Former Minister of Public Works Atty. Samuel Kofi Woods attributed that excruciating economic conditions currently undermining the livelihood are issues that unveil poverty and a deep sense of injustice.
The Attorney-At-Law said the high cost of living, increase in exchange rate that is affecting disposable income and savings, lack of clear economic plan of action, are issues that unveil not only poverty, but it shows a deep sense of injustice.
Making the assertion at a press conference Thursday July 11, 2014 in Monrovia, Atty. Samuel Kofi Woods, Consultant, Liberia Law Society, said the Liberian people are losing faith in the their leaders for failing to proactively address the teetering problems facing the country.
"This situation needs to be addressed irrespective of our political, social and economic persuasions, and as a result of that, we need a national consultative process to manage and address what is becoming a national discontent," the former Public Works Minister said.
Atty. Woods noted that, with the current national discontent regarding the country's natural resources relate to various concession agreements, there is an ardent need to revisit the concession agreements earlier negotiated by the government.
He renewed call to investigate how the country's new-found natural resource (oil) has been managed and collectively take corrective actions where necessary to assure proper management and application of proceeds to the broad-based development of the country for the benefit of its people.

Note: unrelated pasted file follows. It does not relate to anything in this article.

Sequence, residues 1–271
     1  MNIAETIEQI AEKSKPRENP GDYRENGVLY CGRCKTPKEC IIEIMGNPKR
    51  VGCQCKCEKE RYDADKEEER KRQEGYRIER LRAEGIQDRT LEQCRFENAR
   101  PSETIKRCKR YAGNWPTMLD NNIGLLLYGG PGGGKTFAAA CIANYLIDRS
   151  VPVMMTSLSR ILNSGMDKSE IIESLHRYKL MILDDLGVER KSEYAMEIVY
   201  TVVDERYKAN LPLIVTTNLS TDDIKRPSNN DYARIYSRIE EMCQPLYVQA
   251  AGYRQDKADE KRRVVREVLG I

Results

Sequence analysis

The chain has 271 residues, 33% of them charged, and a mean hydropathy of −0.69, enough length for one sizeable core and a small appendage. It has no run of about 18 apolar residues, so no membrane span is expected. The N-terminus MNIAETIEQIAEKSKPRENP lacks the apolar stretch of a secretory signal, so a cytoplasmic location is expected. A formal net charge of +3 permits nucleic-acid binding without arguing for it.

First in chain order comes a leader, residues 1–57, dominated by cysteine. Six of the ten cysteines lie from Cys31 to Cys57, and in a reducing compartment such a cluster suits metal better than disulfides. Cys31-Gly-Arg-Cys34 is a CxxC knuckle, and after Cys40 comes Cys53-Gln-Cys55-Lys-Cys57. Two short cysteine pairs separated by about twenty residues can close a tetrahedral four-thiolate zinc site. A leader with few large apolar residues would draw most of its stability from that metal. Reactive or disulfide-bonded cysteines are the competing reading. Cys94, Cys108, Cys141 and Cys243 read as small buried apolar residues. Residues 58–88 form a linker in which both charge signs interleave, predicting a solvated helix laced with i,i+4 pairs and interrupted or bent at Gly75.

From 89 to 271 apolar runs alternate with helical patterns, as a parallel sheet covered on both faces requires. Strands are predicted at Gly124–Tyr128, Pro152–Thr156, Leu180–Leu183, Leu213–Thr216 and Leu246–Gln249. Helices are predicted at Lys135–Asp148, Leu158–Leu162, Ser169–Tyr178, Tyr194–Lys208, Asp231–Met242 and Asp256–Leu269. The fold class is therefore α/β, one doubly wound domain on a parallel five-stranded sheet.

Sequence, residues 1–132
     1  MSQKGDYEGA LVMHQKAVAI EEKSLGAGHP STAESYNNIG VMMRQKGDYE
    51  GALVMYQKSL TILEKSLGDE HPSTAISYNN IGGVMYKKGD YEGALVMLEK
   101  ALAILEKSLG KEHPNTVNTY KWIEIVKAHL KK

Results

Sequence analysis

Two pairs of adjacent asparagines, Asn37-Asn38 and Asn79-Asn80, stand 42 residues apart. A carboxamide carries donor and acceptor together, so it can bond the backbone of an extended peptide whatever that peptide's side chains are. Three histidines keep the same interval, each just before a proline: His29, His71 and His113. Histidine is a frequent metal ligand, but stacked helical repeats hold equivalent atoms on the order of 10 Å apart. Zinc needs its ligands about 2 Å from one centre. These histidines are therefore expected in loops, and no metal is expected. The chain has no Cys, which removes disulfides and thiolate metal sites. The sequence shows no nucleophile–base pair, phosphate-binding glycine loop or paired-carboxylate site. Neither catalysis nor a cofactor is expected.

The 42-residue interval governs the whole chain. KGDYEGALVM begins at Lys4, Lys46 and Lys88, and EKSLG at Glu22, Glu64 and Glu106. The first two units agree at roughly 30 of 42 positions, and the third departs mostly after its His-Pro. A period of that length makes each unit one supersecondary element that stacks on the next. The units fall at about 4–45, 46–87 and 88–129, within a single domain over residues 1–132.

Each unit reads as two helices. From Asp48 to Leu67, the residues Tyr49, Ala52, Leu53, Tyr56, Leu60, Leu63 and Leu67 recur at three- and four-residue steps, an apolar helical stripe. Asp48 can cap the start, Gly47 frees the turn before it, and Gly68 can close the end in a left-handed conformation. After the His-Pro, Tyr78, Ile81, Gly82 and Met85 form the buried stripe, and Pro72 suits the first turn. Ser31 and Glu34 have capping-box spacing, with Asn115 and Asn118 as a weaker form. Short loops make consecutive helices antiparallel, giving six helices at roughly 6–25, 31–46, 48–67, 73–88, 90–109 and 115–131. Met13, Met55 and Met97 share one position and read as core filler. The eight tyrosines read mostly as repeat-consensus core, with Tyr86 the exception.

"All current and future intentions to sell additional oil blocks must be discouraged. With ordinary Liberians already bearing the brunt of economic mismanagement and financial managers failing to offer solutions and a plan to address the situation," he added.
The Attorney-At-Law maintained that the least the government wants to embark on is to hassle press freedom and silence the media and other critical voices of reason which are only serving as messenger and not the author of the multiple messages of poor planning, corruption, nepotism, cronyism and indifference to the plight of the people.
Atty. Woods, who was also former Minister of Labor, pointed out that since the commencement of oil exploration in Liberia, there have been continuous arguments in various quarters not only regarding the commercial viability of the samples that have been found so far, but also the management of resources that have accrued as a result of the sale of oil blocks with almost little or no consideration for local content.
"It must be stated now and for the record that if care, prudence, proper judgment and collective interests are not the guiding principles accompanying the process leading to the full discovery of oil in commercial quantity, we run the risk of being one of the most corrupt and least transparent," he warned.
He used the occasion to also renew call for the audit of both the Ministries of Planning and Economic Affairs and Finance, noting that he cannot be deterred or intimidated by anybody.